Appellant also contends that there was insufficient evidence to establish that, at the time of the accident, the amount of alcohol by weight in his blood was .10% or greater. Specifically, he argues that his blood samples were taken an *20 hour and a half after the accident and the Commonwealth failed to present evidence which related the results of the blood alcohol tests back to the time of the accident. This issue, however, was not raised by appellant in either his post-trial motions or in his statement of matters complained of on appeal, and, as such, has been waived. "It is well settled that only issues raised in post-trial motions are preserved for appellate review." Commonwealth v. Copeland, 381 Pa.Super. 382, 385, 554 A.2d 54, 55 (1988). See also: Commonwealth v. Gravely, 486 Pa. 194, 198-199, 404 A.2d 1296, 1298 (1979). The Superior Court will not consider an issue that has been raised for the first time on appeal. See: Commonwealth v. Gordon, 364 Pa.Super. 521, 534-537, 528 A.2d 631, 638-639 (1987); Commonwealth v. Bradshaw, 324 Pa.Super. 249, 254-255, 471 A.2d 558, 560-561 (1984).

Appellant next asserts that the trial court erred when it granted a Commonwealth motion in limine precluding the defense from introducing evidence that the decedent was not wearing a seat belt at the time of the fatal accident. It is argued by appellant that the victim's failure to wear a seat belt was a substantial causative factor leading to her death, in that if she had been wearing a seat belt she may well have survived the accident.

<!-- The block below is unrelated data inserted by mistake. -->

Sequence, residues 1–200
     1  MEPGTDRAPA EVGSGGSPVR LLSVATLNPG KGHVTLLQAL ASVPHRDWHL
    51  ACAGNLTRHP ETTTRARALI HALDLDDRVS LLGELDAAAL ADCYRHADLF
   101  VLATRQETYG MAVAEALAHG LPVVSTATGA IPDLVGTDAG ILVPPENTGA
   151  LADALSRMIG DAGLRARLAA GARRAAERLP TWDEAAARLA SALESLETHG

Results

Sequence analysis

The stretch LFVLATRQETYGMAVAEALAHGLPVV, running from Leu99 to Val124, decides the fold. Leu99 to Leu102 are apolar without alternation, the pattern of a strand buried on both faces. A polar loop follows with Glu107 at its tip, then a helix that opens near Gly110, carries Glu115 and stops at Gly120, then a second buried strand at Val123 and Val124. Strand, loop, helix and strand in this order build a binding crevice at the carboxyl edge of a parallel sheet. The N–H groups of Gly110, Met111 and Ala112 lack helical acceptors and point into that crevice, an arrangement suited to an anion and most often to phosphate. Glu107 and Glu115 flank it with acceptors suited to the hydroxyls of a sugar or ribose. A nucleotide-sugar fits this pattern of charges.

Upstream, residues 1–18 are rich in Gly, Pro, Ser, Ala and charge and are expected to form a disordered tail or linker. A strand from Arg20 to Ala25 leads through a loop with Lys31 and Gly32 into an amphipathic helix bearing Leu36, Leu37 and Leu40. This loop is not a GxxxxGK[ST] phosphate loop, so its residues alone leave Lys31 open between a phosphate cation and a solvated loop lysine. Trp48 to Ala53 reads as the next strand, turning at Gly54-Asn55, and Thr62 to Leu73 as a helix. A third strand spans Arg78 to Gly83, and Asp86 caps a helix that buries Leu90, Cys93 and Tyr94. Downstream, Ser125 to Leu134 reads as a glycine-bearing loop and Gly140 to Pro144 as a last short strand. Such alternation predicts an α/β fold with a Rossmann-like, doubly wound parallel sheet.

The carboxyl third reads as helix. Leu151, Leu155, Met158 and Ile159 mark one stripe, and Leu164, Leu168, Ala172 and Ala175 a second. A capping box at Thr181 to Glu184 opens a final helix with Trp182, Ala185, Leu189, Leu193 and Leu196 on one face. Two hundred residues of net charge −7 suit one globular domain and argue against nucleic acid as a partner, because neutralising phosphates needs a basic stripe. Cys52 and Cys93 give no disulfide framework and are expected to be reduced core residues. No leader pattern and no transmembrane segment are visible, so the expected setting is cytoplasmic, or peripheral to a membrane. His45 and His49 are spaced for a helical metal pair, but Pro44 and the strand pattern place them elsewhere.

"It is well-settled that `an accused has a fundamental right to present defense evidence, so long as such evidence is relevant and not excluded by an established evidentiary rule.'" Commonwealth v. Wells, 396 Pa.Super. 70, 75, 578 A.2d 27, 30 (1990), appeal dismissed, 530 Pa. 35, 606 A.2d 1171 (1992), quoting Commonwealth v. Uhrinek, 518 Pa. 532, 542, 544 A.2d 947, 952 (1988). See also: Commonwealth v. Eubanks, 511 Pa. 201, 209-210, 512 A.2d 619, 624 (1986); Commonwealth v. Greene, 469 Pa. 399, 405, 366 A.2d 234, 237 (1976). Therefore, in prosecutions for homicide by vehicle and homicide by vehicle while driving under the influence, both the Supreme and Superior Courts have held that a defendant should be permitted to introduce evidence which establishes that something other than his violation of the Vehicle Code caused the accident and resulting death. See: Commonwealth *21 v. Uhrinek, supra; Commonwealth v. Bartolacci, 409 Pa.Super. 456, 460-462, 598 A.2d 287, 289-290 (1991). However, in the instant case, evidence that the decedent failed to wear a seat belt was barred by a specific statutory provision and was not relevant to establish the cause of the fatal accident. Therefore, such evidence was properly excluded by the trial court.